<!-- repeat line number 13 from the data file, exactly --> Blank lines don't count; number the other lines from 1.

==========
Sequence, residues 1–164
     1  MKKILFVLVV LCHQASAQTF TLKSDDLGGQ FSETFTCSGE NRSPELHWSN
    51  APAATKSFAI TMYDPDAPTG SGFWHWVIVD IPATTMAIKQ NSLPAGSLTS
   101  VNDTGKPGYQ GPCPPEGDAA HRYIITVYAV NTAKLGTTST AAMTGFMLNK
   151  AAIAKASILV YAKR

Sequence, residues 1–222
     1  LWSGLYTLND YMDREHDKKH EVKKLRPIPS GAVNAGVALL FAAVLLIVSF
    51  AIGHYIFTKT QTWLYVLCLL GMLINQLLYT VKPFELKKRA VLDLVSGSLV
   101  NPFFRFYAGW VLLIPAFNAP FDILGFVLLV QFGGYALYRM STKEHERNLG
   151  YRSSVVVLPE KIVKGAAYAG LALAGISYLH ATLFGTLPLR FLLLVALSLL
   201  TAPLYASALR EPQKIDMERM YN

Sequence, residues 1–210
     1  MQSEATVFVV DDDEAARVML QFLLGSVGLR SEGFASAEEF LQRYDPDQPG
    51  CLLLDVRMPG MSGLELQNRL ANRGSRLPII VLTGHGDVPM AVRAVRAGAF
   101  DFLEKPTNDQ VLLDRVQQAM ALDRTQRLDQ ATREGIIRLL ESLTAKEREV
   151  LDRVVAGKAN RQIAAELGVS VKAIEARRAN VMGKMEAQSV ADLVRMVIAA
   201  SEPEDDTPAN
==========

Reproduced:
     1  MQSEATVFVV DDDEAARVML QFLLGSVGLR SEGFASAEEF LQRYDPDQPG